The World of Beachcomber

The World of Beachcomber was a surreal television comedy show produced by the BBC inspired by the Beachcomber column in the Daily Express newspaper.

The show, like the column, consisted of a series of unrelated pieces of humour. Links between the items were provided by Spike Milligan, dressed in a smoking jacket and cap, as in the cartoon logo above the newspaper column. The other actors were a Who's Who of British comedy of the time, encompassing almost every supporting player seen or heard in comedy, not excluding people of diminutive stature. Likewise the writing staff included Milligan, Barry Took, John Junkin, Neil Shand and others. The producer was John Howard Davies.

In all, 19 episodes were produced beginning in 1968. They were mostly shown on the new BBC2 channel, which broadcast in colour using the 625-line PAL standard. BBC2 was a minority-appeal culture channel, and thus allowed greater stretching of the boundaries of the art. Unfortunately, like many shows of the time, the original videotapes were wiped. Only one complete episode, on black and white 16mm film now survives of this show in the BBC archives, from the penultimate (20.10.69) edition. In addition to this, excerpts (origin unknown, but likely filmed inserts) for the 29.09.69 edition also survive. Audio soundtracks also survive for episodes Three (06.10.69) and Four (13.10.69) of the 1969 series.[1] In addition to this, a soundtrack LP featuring excerpts from shows from series one was also released by PYE records, and rereleased on Audio Cassette in 1997.[2]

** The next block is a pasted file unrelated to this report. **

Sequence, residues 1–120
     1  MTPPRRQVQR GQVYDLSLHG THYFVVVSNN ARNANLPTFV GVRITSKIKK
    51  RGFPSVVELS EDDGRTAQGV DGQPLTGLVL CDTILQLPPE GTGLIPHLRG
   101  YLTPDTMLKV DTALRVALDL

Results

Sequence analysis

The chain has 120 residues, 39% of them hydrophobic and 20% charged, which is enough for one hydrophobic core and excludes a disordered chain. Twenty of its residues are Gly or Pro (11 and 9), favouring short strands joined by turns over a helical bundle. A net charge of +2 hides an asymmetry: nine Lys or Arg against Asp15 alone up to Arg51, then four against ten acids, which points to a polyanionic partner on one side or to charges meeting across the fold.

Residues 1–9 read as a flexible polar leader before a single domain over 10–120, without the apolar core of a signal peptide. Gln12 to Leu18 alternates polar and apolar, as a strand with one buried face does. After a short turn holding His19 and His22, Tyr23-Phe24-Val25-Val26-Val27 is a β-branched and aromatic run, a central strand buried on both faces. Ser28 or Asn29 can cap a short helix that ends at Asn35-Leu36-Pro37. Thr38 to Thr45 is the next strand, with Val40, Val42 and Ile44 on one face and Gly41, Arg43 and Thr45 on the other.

Recurring items

  • Courtroom sketches featuring Mr. Justice Cocklecarrot, played by Clive Dunn, and Twelve Red-Bearded Dwarfs, played by "Little People" suitably made up. One case involved the dwarfs suing themselves, so Mr. Justice Cocklecarrot rendered a judgement that they should apologize to themselves. The sketch ended with the dwarfs singing a song by Billy Eckstine, "I apologize", at the tops of their voices.
  • Readings from the lists of Huntingdonshire Cabmen, wherein Michael Redgrave solemnly walked to a lectern, donned his reading glasses and read the names, in alphabetical order, with great seriousness, as one might read the names of the dead at a war memorial.
  • Odd inventions explained by Dr. Strabismus (whom God preserve) of Utrecht (Spike Milligan with a high quavering German accent).
  • Spoof commercials for "Snibbo", usually a washing soap with a tendency to remove stains, buttons and skin, and, with a sung jingle, "Threadgold's Thorough-grip Garterettes".
  • The Filthistan Trio, a Music Hall act consisting of three 'Persians' and a plank.


This list is inevitably incomplete.


  1. Kaleidoscope Lost Shows, 25 April 2010
  2. Beachcomber Website, 25 April 2010
  3. "Today's TV", Daily Mirror, p. 14, 18 March 1968
  4. "Today's Programmes", Daily Mirror, p. 18, 6 October 1968
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